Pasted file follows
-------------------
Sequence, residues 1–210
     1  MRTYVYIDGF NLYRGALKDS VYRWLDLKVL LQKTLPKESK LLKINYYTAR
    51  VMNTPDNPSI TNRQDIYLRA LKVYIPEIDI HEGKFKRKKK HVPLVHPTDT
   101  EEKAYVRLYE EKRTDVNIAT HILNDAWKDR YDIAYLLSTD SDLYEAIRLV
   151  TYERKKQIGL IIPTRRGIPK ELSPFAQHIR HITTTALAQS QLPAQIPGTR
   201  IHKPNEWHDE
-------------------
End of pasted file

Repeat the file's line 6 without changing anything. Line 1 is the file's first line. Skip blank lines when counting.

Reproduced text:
   201  IHKPNEWHDE